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Panic's stevenf: Time to Dump FTP

stevenf.com ("Don't Use FTP")

Transmit is Panic's FTP app -- which does indeed support SFTPSteven Frank, one of the boys wonder behind Panic and their excellent Transmit app says it’s high time to dump FTP in favor of its smarter, sexier sister, SFTP. Of which Steven says “It’s secure, it’s consistently implemented, and it’s machine-readable.”

A lot of people who have used FTP daily for years are surprised to learn that they're sending everything in the clear -- that means the stuff you're uploading as well as your actual password. Makes you think twice about what you're throwing through the air as you update your blog templates via "free WiFi."

Steven says:

If your host doesn't support SFTP, you should find a different host. It's not hard to support, and it's ridiculous to force people into using insecure protocols in the year 2008. Ask them, for example, why they don't support telnet. FTP is no better.

FTP has served us well, but it's time to move on. You wouldn't use a 23 year old computer to do your work, so don't use a protocol from the same vintage. Demand modern transfer protocols from your host.

I agree. If you're unsure whether your host will let you do SFTP (and SSH in general), ask. You may indeed need special permission (many providers "jail" garden-variety users in a way that disallows SSH without special permission). You may also need to find the correct port. On my host, A2, for example, you have to run SSH and SFTP on the unconventional port 7822, but it works like a charm once you're up.

Great suggestion, Steven. Worth getting the word out.

Nate's picture

SFTP has its problems, too

That's silly: SFTP has problems of its own. There's no perfect solution, but most regular FTP servers can support SSL or TLS encryption, making them secure.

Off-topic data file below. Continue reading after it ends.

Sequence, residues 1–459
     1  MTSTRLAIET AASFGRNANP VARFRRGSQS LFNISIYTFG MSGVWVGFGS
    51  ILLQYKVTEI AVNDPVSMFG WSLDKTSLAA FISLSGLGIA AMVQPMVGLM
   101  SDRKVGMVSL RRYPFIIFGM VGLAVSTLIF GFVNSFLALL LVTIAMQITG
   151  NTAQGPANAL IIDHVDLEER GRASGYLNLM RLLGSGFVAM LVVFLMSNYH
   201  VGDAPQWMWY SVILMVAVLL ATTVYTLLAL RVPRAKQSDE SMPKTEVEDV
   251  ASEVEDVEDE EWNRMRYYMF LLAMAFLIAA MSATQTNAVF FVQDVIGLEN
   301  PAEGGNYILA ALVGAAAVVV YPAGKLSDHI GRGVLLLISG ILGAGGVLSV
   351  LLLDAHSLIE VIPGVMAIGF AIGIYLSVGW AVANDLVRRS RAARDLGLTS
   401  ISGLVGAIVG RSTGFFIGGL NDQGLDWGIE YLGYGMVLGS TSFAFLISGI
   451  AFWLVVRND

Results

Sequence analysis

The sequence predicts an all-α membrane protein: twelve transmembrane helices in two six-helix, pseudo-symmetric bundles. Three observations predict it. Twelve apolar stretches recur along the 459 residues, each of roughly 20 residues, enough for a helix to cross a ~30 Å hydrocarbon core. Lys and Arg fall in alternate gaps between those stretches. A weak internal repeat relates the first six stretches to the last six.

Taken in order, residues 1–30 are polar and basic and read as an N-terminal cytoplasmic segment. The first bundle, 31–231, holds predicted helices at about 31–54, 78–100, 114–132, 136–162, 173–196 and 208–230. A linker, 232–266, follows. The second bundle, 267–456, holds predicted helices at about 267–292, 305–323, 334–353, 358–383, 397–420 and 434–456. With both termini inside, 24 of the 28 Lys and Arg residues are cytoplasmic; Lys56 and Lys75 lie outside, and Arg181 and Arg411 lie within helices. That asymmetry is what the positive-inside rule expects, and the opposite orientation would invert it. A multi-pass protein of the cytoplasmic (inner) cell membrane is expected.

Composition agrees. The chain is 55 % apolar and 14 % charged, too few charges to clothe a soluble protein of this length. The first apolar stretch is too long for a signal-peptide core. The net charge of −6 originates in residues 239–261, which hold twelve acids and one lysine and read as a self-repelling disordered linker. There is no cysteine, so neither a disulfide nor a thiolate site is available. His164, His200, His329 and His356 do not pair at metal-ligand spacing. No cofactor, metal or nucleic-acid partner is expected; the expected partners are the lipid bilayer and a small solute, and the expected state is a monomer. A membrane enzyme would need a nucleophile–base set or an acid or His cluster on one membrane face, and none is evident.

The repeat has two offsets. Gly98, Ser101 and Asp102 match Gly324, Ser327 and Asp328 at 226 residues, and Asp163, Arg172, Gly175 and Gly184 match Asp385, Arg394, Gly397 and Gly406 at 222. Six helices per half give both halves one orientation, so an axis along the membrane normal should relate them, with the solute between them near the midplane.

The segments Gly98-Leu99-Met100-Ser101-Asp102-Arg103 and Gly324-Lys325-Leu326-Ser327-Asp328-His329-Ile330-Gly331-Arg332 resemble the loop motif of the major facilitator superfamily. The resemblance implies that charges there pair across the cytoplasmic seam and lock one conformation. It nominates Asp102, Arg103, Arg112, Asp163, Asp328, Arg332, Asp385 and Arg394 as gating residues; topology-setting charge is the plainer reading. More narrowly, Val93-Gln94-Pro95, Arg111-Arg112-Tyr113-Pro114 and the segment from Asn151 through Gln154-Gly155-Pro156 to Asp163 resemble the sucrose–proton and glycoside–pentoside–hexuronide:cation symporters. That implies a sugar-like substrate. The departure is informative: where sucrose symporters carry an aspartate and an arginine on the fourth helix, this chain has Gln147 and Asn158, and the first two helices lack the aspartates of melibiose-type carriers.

Many of his other complaints are legitimate issues from his point of view as someone who writes an FTP client. But from a hosting provider's point of view:

  • SFTP requires you to use real accounts for each user.
  • Whereas, regular FTP servers support "virtual" users who do not need an actual Unix account.
  • SFTP requires each account to have an actual shell, since some of its functionality is accomplished by remotely executing commands. Usually that means the user can actually log in and get a shell prompt on your server using SSH -- not a good thing if all you want to do is enable file transfers for your customers.
  • Regular FTP servers do not require users to have a shell, or even a Unix account on the server.
  • With regular FTP servers, adding a new virtual account can be as simple as adding a row to a database table. The users are restricted to their own directory (which can also be specified in the database).

To mitigate these problems, you can use various "fake" shells that provide just enough functionality to support SFTP. But that's kind of dodgy and not nearly as simple as the virtual users approach.

For small-scale use (i.e., a few users whom you trust with a shell account), SFTP is great.

For commercial users, FTP-TLS can be a better choice, especially if you only want to enable file transfers and aren't looking to give every user a shell account.

With that said, if your hosting provider doesn't provide SFTP or FTP-TLS, then yes, dump them!




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